Yes, I agree. WHEW! I never heard of MarvinX so, I learned something new today! I loved his speech! I agree. @Pioneer1 I understand this too, however, blaming or placing the blame is one issue, but how do we overcome? Understanding who to blame will help us partially, but what is the next step? I listen to the speech of MarvinX in how he explained BAMN. He said that they got him off campus with a goal--By Any Means Necessary--BAMN!--And that is how I feel we have been, as you say, DUMBED DOWN! It is not just our fault, this system has a movement, a movement against the general well being of Black African Americans and they have instituted movements against us BAMN! That also means that some of our own people are a part of our self destruction for this cause of White Supremacy and so, what do we do about that!? Also, our own individual ignorance is damaging too, and not all of us have self-hatred and work against Black Businesses, but we may be doing it out of ignorance, so in this, I say, it comes down to individual self determination and the willingness to keep communicating with each other and coming to the table to discuss these pressing issues. We need THIS FORUM at AALBC and others.
  15. 2 points
  16. 2 points
  17. 2 points
    @Delano “No lies detected.” I really do! There is one Pioneer that I really dig - that Pioneer makes me reflect on the world’s schism. Then there are a two others - one who I swear is a white guy from michigan - and you know that guy -he’s a lot like “Archie Bunker/Roseanne”... Then the other Pioneer is young-minded - doesn’t read much but is very much into street corner lectures. The scary part with that Pioneer - is i used to think the same way - I found some old school writings that revealed a similar philosophy - which makes me think that Pioneer is actually a 30-something woman! 😂 clearly you don’t - so I’ll leave it alone. But please, don’t EVER tell me my worldview without checking your own consistency.
  18. 2 points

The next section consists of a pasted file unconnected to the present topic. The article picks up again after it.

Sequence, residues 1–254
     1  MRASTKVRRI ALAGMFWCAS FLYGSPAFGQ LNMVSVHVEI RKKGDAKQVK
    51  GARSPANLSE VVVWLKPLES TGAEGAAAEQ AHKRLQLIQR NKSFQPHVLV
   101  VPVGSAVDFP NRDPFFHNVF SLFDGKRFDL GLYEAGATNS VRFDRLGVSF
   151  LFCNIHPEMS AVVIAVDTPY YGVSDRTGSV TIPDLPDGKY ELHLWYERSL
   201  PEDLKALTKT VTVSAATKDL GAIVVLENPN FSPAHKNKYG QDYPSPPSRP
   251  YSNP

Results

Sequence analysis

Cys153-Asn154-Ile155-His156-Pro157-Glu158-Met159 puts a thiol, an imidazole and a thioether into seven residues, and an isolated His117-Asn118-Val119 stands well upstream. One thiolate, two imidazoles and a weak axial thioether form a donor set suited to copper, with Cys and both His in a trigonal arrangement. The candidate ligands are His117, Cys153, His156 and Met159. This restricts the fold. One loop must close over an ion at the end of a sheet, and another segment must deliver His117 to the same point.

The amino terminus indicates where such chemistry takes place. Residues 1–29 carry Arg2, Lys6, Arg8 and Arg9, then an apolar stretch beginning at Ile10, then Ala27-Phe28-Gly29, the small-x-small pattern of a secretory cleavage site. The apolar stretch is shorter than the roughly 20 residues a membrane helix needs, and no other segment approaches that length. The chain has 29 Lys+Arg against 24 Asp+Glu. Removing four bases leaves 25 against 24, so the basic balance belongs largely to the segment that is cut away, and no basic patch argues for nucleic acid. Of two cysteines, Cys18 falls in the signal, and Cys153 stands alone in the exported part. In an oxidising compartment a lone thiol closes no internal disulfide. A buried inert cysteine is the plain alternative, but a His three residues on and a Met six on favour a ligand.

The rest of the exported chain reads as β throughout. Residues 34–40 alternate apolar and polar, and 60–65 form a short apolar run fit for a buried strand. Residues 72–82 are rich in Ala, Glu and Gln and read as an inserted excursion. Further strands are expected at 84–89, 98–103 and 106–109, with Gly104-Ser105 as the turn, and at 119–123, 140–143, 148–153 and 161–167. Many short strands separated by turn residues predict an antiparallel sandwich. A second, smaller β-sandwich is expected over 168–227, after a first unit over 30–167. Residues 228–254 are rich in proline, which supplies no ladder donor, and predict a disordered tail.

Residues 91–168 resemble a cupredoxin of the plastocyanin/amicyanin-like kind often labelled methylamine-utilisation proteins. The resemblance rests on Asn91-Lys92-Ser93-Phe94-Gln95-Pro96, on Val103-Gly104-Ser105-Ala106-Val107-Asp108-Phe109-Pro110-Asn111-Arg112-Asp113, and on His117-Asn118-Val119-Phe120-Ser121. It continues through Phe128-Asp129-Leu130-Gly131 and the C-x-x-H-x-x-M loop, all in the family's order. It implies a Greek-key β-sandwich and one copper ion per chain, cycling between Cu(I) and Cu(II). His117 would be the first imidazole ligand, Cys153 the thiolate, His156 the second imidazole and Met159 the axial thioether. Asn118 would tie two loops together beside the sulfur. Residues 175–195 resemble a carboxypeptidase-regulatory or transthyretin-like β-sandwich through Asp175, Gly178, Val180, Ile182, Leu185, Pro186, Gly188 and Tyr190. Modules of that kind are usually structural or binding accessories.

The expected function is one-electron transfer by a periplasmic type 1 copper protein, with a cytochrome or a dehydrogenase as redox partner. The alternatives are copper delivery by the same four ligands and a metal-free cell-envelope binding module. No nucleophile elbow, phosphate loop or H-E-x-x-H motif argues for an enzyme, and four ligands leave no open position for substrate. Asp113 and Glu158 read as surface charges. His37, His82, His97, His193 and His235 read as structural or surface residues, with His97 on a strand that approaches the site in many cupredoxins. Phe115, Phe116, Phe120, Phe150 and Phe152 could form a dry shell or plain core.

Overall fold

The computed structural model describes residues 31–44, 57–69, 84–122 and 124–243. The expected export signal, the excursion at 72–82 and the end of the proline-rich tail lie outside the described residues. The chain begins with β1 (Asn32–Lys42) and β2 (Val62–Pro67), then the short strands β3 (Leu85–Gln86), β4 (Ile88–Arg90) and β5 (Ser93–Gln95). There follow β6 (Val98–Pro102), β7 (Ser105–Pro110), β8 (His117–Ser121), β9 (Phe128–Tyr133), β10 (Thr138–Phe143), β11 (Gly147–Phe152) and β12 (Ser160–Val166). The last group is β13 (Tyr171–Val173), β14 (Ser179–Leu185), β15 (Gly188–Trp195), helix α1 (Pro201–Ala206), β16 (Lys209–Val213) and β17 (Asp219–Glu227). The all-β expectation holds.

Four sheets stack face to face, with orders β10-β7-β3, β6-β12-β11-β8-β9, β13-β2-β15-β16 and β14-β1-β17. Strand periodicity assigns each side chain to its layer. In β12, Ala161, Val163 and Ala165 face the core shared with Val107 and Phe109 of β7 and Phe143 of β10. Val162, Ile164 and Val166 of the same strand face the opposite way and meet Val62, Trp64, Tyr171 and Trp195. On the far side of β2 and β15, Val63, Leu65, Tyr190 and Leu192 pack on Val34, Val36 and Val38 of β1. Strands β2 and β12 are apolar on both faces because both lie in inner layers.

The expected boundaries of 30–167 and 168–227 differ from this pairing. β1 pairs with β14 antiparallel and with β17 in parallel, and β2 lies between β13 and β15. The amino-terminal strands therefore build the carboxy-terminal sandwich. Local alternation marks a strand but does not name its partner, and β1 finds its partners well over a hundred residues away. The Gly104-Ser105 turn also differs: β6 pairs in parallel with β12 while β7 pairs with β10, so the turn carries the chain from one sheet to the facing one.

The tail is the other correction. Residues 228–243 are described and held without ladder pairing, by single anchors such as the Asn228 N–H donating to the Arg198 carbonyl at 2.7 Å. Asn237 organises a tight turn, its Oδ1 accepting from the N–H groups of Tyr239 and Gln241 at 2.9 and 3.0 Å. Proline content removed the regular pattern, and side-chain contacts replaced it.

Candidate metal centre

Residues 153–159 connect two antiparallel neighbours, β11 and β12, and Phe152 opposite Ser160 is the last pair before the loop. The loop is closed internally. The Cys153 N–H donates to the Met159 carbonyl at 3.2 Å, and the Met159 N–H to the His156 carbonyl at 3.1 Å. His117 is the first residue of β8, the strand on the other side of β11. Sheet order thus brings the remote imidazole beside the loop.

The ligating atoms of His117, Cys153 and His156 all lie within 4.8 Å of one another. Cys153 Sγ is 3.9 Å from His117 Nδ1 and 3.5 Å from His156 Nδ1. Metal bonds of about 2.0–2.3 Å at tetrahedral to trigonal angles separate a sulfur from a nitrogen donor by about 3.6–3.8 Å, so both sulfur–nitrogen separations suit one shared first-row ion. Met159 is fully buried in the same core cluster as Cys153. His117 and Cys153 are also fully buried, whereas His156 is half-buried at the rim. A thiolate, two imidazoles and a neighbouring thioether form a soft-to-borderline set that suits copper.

@Pioneer1 I don't think anyone would dispute that the Caribbean makes up part of the Americas the north or south american continental plate (or whatever the correct tecnical term is). However, when you wrote, "Both Puerto Rico and the Dominican Republic are part of AMERICA just like Jamaica, Haiti, Mexico, ect...," you were unclear because when people say "America" they are normally referring to the U.S. of A., not the Caribbean, Canada, or North America. "I rule in favor of the ladies, case closed." I slam down the gavel and rise to retire to my chambers.
  19. 2 points
    @Pioneer1Do you even know what a turn table is? The round device that is a component of a phonograph and that spins around and is where a grooved disc is placed on?? The two pictured are just alike. They are simply packaged differently. And just what is the relevance of your referring to Jamaica and Haiti and Mexico as part of the Americas? What does this have to do with hip-hop and rap originating in the city of New York in the United States of America, especially since nobody said the that these genres originated elsewhere and were created by white people. Why make Mel do your work for you? You can't concoct an answer yourself, just like you couldn't truthfully verbalize whether you ever lived around Atlanta or Chicago, and couldn't find any reference to what you imagined i said about farmers and the depression so you just stall. What a transparent phony you are. LOL BTW, headphones were invented waay before hip hop and rap came on the scene.
  20. 2 points
    Noone invented it. It was created. Bam!
  21. 2 points
    This is just a little tile in the mosaic of African American culture. I don't agree that the African American sub culture is a matriarchy. In a typical inner-city environment, women having children out of wedlock and raising these kids with the help of an extended family is not an example of a household headed by a female wherein the male is subordinate to her rule. in these typical cases, the family unit is loosely structured and its members simply do whatever works, in some cases whatever works is a single man raising his kids in the absence of a responsible mother. In the black middle class, mothers and fathers typically share the household responsibilities and the raising their kids. In any case, an adult male member of a household routinely abandons the family rather than deferring to a matriarch. What is a more accurate description of the black family unit is that a "village" raises a child. It also should be noted that millions of single white women raise their children under these similar circumstances. As for break dancing, Hispanics, specifically Puerto Ricans were an equal presence in its New York city origins. And, certainly, anybody who considers themselves as being aware of everything should be familiar with the abundance of pictures of old fashioned phonographs with turn tables. @DelYour above response to pioneer's pontificating is right on point!